The Great Watermelon Challenge

So, I was in Trader Joe’s grocery shopping and I saw that they had these small watermelons for sale. I know that Sarah isn’t a big fan but even if she didn’t eat any I could probably eat one of these small ones. So, I bought it and put it in the fridge. When Sarah came home and saw the watermelon she challenged me.  “Make me like watermelon!  That is your mission!” she said.

OK. So now it was on. I had to come up with something. One night when Sarah said she wanted something light I went to work. I made soy and honey marinated chicken breast salad with red onions and watermelon. And for dessert, I made a watermelon granita with Limoncello on the side.

For the salad I made a raspberry vinaigrette in which to marinate the onions. For the vinaigrette:

1/2 cup raspberries (fresh or frozen)

1 tbsp balsamic vinegar

1 tbsp rice wine vinegar

Olive oil

Juice of one lime

Salt and pepper

Combine all ingredients except olive oil in a blender or food processor. Gradually add the olive oil until it comes together to the desired consistency.

Slice one red onion into rings, place in a bowl and pour the vinaigrette over the onions. Allow to marinate for an hour or longer.

For the chicken marinade:

1/4 cup of canola oil

Juice of one lime

2 tbsp dark soy sauce

2 tbsp regular soy sauce

2 tbsp honey

1 inch of ginger root sliced

Salt and pepper

Stir ingredients together and add chicken breasts. Coat and marinate for an hour or so.

Shake the chicken of excess marinade and cook on the stove top on medium high heat. Cook 2-3 minutes on each side until the sugars in the marinade begin to brown. Transfer to a baking dish and finish in a 350 degree oven for 10-15 minutes. Remove from oven, cool for five minutes and slice into strips on the bias.

Construct the salad by laying down a bed of arugula. Top with the marinated onions, cubes of watermelon, the chicken and some of the vinaigrette.

For the granita, add 3-4 cups of watermelon, juice of one lime and some pomegranate syrup to a blender. Blend until smooth and slowly add in 1/3 cup of simple syrup (1/3 cup of sugar dissolved in 1/3 of boiling water and cooled for at least 10 minutes). Strain through a strainer pressing the solids through. Pour into a baking dish and put in the freezer for 2 1/2 to 3 hours. Every half hour scrape and stir the granita until fully frozen. Serve in martini glasses with Limoncello served on the side in vodka or shot glasses.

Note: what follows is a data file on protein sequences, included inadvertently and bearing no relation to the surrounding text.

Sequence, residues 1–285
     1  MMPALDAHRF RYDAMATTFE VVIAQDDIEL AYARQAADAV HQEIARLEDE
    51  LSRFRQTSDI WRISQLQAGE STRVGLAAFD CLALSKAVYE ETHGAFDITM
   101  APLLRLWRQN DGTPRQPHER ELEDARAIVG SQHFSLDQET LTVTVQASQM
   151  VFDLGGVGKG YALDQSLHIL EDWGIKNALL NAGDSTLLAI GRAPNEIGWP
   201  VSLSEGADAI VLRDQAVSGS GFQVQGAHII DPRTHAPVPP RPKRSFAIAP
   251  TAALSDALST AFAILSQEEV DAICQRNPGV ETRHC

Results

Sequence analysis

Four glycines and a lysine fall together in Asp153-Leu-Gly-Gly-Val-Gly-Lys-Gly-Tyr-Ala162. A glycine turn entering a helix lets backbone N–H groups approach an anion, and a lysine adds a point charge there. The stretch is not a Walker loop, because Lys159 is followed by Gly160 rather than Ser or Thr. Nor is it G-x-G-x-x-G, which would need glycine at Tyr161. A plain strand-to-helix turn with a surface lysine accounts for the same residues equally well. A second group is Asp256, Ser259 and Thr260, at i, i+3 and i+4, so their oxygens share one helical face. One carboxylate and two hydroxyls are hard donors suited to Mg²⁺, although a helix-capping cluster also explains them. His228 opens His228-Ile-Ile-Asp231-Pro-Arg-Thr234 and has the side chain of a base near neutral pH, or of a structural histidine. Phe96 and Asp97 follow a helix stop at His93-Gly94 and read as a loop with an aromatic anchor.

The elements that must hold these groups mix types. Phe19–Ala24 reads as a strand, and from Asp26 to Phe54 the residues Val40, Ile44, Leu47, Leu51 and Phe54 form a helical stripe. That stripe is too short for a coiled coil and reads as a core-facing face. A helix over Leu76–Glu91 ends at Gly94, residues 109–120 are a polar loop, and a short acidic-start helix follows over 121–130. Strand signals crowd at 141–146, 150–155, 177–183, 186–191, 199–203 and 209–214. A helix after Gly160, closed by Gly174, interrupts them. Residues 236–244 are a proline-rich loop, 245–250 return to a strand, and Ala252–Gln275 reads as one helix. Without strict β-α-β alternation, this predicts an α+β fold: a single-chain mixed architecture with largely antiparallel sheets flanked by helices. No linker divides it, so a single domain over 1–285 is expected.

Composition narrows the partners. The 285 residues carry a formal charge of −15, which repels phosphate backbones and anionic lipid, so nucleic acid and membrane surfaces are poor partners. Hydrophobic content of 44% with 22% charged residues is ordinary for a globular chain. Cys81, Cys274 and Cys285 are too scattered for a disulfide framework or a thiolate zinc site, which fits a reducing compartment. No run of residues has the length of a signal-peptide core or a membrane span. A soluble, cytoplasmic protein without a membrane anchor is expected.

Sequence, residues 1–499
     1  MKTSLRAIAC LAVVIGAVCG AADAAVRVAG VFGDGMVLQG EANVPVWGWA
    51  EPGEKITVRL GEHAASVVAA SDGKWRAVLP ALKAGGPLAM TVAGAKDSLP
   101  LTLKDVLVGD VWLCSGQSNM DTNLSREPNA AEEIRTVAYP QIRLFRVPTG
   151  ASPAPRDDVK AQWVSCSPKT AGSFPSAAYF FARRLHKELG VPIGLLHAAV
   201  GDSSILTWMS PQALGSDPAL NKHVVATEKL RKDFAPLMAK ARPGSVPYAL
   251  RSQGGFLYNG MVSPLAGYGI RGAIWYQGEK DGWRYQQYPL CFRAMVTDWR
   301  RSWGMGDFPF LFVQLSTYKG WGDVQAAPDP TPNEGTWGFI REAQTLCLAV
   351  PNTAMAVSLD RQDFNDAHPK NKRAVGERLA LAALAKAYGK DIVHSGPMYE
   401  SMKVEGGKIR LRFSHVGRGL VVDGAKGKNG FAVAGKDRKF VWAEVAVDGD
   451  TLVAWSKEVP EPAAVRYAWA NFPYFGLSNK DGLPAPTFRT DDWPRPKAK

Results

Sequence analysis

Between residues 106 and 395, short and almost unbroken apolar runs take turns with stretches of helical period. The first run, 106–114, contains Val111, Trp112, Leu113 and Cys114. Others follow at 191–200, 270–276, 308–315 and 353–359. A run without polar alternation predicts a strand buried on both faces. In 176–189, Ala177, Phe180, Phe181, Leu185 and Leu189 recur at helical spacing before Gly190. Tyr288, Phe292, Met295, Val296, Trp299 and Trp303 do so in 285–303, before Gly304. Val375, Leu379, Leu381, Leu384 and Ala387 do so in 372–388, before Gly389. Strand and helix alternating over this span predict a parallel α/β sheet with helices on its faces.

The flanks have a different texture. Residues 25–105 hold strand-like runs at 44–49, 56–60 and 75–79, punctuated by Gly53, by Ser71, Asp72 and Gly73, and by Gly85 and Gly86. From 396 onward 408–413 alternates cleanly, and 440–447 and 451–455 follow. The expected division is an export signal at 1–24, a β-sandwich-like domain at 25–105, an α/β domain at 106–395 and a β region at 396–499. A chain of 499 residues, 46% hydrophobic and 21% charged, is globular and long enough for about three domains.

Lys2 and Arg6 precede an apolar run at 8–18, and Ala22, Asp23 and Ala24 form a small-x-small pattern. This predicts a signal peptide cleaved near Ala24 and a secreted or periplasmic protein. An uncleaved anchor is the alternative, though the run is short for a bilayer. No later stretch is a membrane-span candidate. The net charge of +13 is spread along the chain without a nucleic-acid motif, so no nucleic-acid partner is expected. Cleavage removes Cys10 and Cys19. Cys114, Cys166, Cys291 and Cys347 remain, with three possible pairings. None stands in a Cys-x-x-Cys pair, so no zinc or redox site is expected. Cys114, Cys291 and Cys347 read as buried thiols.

Sarah was happy with the dishes. I was happy because I can add watermelon to a growing list of foods that Sarah will eat because of me.

Both dishes are gluten and dairy free.

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Sunday Roast Chicken

image from FallenSouffle.com

The chicken holds a strange position in the American diet. On one hand, we eat more chicken than just about anything else; chicken dishes are staples in restaurants, in fast food and in home cooking. On the other hand, most of those chicken dishes don’t taste much like chicken at all.

The American chicken is a monstrous, genetically modified beast, bred for maximum breast meat, without much attention to flavor (or to humane raising practices, for that matter). We eat chickens raised on feedlots, fed meal made from other chickens and laced with massive doses of antibiotics. It tends to be tough and stringy and taste like cardboard, so we fry it in grease or slather it with sauces. It’s a blank slate on which to build a meal, a tasteless carrier for cheese or breading or sauce. It’s protein without passion.

Which brings us to the Sunday roast chicken. My generation doesn’t think to roast chickens, really, since we’re not used to chickens having flavor; our grandparents’ generation, on the other hand, mostly grew up raising chickens, eating fresh eggs and occasionally killing a chicken for Sunday dinner. (My grandmother, a sweet and physically tiny woman, likes to gross out her grandchildren by telling us about how good she was at wringing chickens’ necks back on the farm in Carolina.) But today, with organic and humanely raised chickens once again becoming widely available, the roast chicken is making a comeback.